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Logo of bmcpsycBioMed Centralsearchsubmit a manuscriptregisterthis articleBMC Psychiatry
BMC Psychiatry. 2011; 11: 71.
Published online 2011 April 25. doi:  10.1186/1471-244X-11-71
PMCID: PMC3098152

Profile of subjective quality of life and its correlates in a nation-wide sample of high school students in an Arab setting using the WHOQOL-Bref



The upsurge of interest in the quality of life (QOL) of children is in line with the 1989 Convention on the Rights of the Child, which stressed the child's right to adequate circumstances for physical, mental, and social development. The study's objectives were to: (i) highlight how satisfied Kuwaiti high school students were with life circumstances as in the WHOQOL-Bref; (ii) assess the prevalence of at risk status for impaired QOL and establish the QOL domain normative values; and (iii) examine the relationship of QOL with personal, parental, and socio-environmental factors.


A nation-wide sample of students in senior classes in government high schools (N = 4467, 48.6% boys; aged 14-23 years) completed questionnaires that included the WHOQOL-Bref.


Using Cummins' norm of 70% - 80%, we found that, as a group, they barely achieved the well-being threshold score for physical health (70%), social relations (72.8%), environment (70.8%) and general facet (70.2%), but not for psychological health (61.9%). These scores were lower than those reported from other countries. Using the recommended cut-off of <1SD of population mean, the prevalence of at risk status for impaired QOL was 12.9% - 18.8% (population age-adjusted: 15.9% - 21.1%). In all domains, boys had significantly higher QOL than girls, mediated by anxiety/depression; while the younger ones had significantly higher QOL (p < 0.001), mediated by difficulty with studies and social relations. Although poorer QOL was significantly associated with parental divorce and father's low socio-economic status, the most important predictors of poorer QOL were perception of poor emotional relationship between the parents, poor self-esteem and difficulty with studies.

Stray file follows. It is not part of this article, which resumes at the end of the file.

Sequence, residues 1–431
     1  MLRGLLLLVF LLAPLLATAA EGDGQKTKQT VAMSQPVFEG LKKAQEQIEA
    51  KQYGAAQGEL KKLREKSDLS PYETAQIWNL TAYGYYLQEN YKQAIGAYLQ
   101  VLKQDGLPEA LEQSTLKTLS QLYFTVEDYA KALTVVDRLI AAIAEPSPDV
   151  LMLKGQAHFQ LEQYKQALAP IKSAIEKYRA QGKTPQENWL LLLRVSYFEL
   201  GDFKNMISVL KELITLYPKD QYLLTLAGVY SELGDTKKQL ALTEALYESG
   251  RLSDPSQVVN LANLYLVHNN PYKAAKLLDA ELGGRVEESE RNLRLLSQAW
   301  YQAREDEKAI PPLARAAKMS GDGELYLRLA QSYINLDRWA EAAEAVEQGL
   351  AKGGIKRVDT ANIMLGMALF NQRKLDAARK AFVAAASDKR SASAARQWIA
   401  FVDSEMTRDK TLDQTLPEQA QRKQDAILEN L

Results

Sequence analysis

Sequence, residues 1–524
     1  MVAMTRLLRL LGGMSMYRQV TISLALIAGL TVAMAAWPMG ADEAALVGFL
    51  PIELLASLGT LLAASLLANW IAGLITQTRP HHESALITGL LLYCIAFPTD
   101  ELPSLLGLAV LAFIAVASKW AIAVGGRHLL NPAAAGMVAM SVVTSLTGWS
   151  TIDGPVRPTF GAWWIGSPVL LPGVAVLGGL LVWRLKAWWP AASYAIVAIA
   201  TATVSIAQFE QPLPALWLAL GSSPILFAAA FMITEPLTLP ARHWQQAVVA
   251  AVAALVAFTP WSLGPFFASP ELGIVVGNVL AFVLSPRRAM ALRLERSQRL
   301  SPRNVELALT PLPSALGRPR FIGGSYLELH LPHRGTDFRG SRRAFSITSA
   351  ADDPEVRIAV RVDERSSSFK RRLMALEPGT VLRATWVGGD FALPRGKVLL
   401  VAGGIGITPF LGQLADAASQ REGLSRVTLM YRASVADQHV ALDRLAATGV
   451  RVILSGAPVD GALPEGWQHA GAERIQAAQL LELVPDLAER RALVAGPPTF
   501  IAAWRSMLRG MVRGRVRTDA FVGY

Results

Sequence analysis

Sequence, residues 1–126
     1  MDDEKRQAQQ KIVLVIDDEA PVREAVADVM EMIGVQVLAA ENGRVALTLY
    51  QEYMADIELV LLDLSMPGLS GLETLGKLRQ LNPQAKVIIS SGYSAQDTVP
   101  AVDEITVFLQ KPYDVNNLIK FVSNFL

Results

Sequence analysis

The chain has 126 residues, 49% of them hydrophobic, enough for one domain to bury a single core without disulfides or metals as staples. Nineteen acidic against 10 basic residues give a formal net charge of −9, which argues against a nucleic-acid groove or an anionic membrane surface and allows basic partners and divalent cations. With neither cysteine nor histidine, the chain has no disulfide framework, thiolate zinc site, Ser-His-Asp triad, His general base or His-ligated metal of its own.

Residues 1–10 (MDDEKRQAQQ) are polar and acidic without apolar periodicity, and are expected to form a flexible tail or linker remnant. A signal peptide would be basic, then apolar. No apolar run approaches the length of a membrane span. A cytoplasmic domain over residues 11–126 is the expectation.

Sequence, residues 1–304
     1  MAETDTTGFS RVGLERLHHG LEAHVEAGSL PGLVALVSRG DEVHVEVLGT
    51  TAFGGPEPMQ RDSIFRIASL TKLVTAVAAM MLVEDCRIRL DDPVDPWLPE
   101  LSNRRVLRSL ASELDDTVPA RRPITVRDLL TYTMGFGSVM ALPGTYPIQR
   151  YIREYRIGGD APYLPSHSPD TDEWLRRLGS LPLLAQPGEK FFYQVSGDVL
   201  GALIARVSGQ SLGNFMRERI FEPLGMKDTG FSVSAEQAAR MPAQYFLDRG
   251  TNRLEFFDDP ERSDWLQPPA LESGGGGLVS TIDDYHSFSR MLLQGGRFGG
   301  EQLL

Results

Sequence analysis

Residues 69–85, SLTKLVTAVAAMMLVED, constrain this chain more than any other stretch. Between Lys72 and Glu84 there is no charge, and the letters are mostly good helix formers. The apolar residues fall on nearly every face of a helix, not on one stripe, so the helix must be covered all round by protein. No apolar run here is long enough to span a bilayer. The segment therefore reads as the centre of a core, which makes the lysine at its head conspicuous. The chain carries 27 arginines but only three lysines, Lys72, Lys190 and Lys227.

Poorer QOL seemed to reflect a circumstance of social disadvantage and poor psychosocial well-being in which girls fared worse than boys. The findings indicate that programs that address parental harmony and school programs that promote study-friendly atmospheres could help to improve psychosocial well-being. The application of QOL as a school population health measure may facilitate risk assessment and the tracking of health status.

Keywords: Quality of life, students, Arab, gender, age, parents

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